12 setembro 2015

10 questions about September great lunar eclipse

An image by Fred Espenak (http://www.mreclipse.com/) of a total lunar eclipse in 2004.

Nations, like stars, are entitled to eclipse. 
All is well, provided the light returns 
and the eclipse does not become endless night. 
Dawn and resurrection are synonymous. 
The reappearance of the light is the same 
as the survival of the soul. (Victor Hugo, 1862)
1. When will eclipse happen ?

This is the fourth eclipse of a series called "tetrad" in the interval 2014-2015 and will "officially" occur on September 28th 2015. It is a fully total eclipse and you should consult question 3 to know the eclipse time for your place. 

2. Where can it be seen?

The following map (according to ref. 1) shows world regions where the eclipse will be visible (white areas correspond to full visibility) from P4 to P1. In Brazil, the entire eclipse will be visible. The same is valid for West Europe and East United States. The difference, however, is that, while in Europe the moon will be setting and eclipsed, in East USA the moon will be rising. The eclipse will not be visible from the Far East, including China and Australia.

3. At which time will the eclipse occur ?

Eclipse time depends on observation place. Eclipse begin and end phases may fall on different dates depending on the observation site, that is, if the eclipse interval includes the change of date. The following figure (also according to 1) is the moon position map referenced to the Earth shadow.

The eclipse runs from P1 to P4. The Earth shadow center (umbra) contains the ecliptic. The Earth "semi"shadow or penumbra is larger than the umbra and sets the limit for phenomenon begin and end. It starts at P1, the moment when the moon "touches" the penumbra. At U1, the moon enters the umbra and is completely eclipsed at U2. The point of maximum umbra penetration is the greatest eclipse. Moon starts to leave the umbra at U2 and the phenomenon is finnished by the time the moon reaches P4. 

In terms of Universal Time (UT or Greenwich time), the several phases are distributed according to:

P1 = 00:11 UT, 
U1 = 01:07 UT,
U2 = 02:11 UT,
U3 = 03:23 UT, 
U4 = 04:27 UT, 
P4 = 05:22 UT.

For example, in Brazil, the total lunar eclipse will start on September 27 (Sunday) at 21:11 or 9:11 PM (Brasilia time = UT - 3:00) and finnish at 2:22 or 2:22 AM on Semptember 28 (Monday). For the (continental) USA, the eclipse will be seen with the moon rising in the first hours of the night on September 27 (sunday).

4. How long will the phenomenon last ?

The "umbral" phase or totality will last about 3 hours ad 20 minutes, while the entire event will take 5 hours and 10 minutes considering the penumbra entrance and egress.

5. What are the main features of this event?

This the 137th eclipse of the Saro's series that started on December 17th 1564. At the eclipse greatest phase, the moon will be at 00h17' 33'' in right ascension and +1deg, 32' 3" in declination, that is at Piscis-Cetus border. The estimated umbra magnitude is about +1.2. There will be few bright stars close to the moon, however, several ones will be occulted. Consult a good sky simulator for your place for the star occultations during the event.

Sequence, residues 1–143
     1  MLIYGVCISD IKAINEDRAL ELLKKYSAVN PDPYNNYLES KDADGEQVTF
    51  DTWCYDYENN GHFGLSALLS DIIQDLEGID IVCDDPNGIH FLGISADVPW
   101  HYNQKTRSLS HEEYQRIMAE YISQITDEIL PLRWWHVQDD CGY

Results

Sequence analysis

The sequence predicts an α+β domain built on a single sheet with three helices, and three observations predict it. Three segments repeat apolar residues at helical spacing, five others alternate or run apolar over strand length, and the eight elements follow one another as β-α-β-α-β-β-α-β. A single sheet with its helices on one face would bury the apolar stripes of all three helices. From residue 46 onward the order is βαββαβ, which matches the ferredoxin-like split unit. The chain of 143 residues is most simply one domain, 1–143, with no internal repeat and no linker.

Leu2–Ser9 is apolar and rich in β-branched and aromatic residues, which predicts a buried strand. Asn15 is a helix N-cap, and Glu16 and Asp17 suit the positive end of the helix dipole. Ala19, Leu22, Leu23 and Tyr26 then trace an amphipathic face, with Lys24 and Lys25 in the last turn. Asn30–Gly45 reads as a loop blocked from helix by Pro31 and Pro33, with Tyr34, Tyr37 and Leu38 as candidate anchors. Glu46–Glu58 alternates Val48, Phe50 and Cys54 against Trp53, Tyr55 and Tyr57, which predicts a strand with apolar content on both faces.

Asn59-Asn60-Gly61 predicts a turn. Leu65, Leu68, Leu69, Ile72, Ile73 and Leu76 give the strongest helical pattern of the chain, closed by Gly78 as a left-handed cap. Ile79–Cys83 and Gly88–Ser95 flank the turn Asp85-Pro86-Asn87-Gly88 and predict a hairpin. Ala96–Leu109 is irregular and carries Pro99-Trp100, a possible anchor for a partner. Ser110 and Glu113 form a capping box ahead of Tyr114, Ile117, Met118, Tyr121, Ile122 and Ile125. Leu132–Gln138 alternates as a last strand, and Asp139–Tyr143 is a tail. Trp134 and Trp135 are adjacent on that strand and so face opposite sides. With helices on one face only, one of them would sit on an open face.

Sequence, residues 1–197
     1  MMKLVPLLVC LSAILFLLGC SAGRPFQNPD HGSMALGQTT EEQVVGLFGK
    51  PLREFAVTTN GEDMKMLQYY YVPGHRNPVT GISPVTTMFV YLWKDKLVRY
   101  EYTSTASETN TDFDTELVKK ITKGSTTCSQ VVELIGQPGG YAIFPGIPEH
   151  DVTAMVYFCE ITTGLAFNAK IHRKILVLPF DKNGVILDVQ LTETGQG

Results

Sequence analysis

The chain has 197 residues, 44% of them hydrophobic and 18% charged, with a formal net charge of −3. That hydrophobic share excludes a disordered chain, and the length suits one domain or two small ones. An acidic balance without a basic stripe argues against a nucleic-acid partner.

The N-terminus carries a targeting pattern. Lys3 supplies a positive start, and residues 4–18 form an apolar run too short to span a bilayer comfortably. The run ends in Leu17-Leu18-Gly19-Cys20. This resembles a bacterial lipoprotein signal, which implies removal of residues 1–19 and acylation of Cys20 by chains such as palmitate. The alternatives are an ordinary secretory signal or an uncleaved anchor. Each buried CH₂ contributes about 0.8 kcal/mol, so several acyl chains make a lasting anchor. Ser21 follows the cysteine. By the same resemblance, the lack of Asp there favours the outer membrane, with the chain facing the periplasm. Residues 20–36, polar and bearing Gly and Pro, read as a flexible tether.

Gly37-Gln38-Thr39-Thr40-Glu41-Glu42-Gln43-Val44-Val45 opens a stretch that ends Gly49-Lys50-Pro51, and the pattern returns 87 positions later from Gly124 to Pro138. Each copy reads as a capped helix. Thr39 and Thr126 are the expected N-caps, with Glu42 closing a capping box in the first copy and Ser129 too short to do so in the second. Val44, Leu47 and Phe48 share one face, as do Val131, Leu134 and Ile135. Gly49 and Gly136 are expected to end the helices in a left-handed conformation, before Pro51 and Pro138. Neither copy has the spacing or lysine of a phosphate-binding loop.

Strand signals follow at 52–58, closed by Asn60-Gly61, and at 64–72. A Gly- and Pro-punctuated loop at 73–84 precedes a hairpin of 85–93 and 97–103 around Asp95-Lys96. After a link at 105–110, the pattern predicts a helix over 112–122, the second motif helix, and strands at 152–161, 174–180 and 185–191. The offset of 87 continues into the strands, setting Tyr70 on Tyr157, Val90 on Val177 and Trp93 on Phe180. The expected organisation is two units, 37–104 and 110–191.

Important: at 1:47 UT the moon reaches perigee (356876 km from Earth). Therefore, during the eclipse we will also witness a "super moon" event (3), a rare combination.

6. What is the best equipment to observe the eclipse ?

Binoculars (7X50 or 10X60) are definitely the best equipmet to use during moon eclipses. Since the moon can be very high in the sky, a comfortable chair is recommended. Telescopes can also be used provided low magnifications are employed so that the entire moon disk is visible at the eyepiece during all event phases.

Naked eye observation allows to appreciate the deep brightness change between the full moon and totality.

7. How can one photograph the phenomenon ?

You can use a digital came with a tripod and several exposure settings (manual) during all phases. During totality, exposure times of several seconds may be required depending on the ISO and f/D numbers. A practical guide to photograph eclipses can be found in (2).

Se also our reference for a photometric study during a partial lunar eclipse:
8.Will be moon turn red ?

Yes it will. Moon disk reddening is one of the most amazing effects during totality and can always be seen, although changes in the umbra brightness contributed to enhance or lessen the moon aspect. The reddening is due to the dust in suspension in the Earth atmosphere which refracts sun rays totalty occulted to the moon.

9. Must I go to a dark place to see the eclipse ?

Not necessarily. The moon is a bright object in the sky so that its observation is possible even under the brightest city skies. However, in order to fully appreciate the contrast change in the sky between totality and full moon, a dark site is a better place to go.

10. When next great lunar eclipse will be ?

As fully visible in the Americas, the next eclipse will be on January 21th 2019. Therefore, you should better enjoy this September great event!


1. Total Lunar Eclipse of 2015 Sep 28. eclipse.gsfc.nasa.gov
2. F. Espenak (2008). How to Photograph a Lunar Eclipse.
3. See: Lunar Perigee and Apogee Calculator.

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